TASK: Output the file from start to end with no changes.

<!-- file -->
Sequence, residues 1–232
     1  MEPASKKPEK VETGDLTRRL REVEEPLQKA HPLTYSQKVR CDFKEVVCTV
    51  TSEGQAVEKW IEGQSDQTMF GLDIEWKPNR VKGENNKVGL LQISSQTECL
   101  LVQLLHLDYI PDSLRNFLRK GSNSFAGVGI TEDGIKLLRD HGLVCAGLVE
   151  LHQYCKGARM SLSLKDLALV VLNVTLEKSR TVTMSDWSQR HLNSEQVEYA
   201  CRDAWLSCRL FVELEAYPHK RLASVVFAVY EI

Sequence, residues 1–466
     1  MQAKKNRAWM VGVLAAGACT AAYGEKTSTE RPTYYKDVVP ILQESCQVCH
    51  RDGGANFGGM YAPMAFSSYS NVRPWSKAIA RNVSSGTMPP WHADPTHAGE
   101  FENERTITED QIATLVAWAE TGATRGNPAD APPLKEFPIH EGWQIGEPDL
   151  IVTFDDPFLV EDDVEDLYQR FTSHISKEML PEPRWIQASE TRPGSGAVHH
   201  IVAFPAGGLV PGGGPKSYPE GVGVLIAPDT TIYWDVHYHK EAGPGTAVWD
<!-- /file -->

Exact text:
Sequence, residues 1–232
     1  MEPASKKPEK VETGDLTRRL REVEEPLQKA HPLTYSQKVR CDFKEVVCTV
    51  TSEGQAVEKW IEGQSDQTMF GLDIEWKPNR VKGENNKVGL LQISSQTECL
   101  LVQLLHLDYI PDSLRNFLRK GSNSFAGVGI TEDGIKLLRD HGLVCAGLVE
   151  LHQYCKGARM SLSLKDLALV VLNVTLEKSR TVTMSDWSQR HLNSEQVEYA
   201  CRDAWLSCRL FVELEAYPHK RLASVVFAVY EI

Sequence, residues 1–466
     1  MQAKKNRAWM VGVLAAGACT AAYGEKTSTE RPTYYKDVVP ILQESCQVCH
    51  RDGGANFGGM YAPMAFSSYS NVRPWSKAIA RNVSSGTMPP WHADPTHAGE
   101  FENERTITED QIATLVAWAE TGATRGNPAD APPLKEFPIH EGWQIGEPDL
   151  IVTFDDPFLV EDDVEDLYQR FTSHISKEML PEPRWIQASE TRPGSGAVHH
   201  IVAFPAGGLV PGGGPKSYPE GVGVLIAPDT TIYWDVHYHK EAGPGTAVWD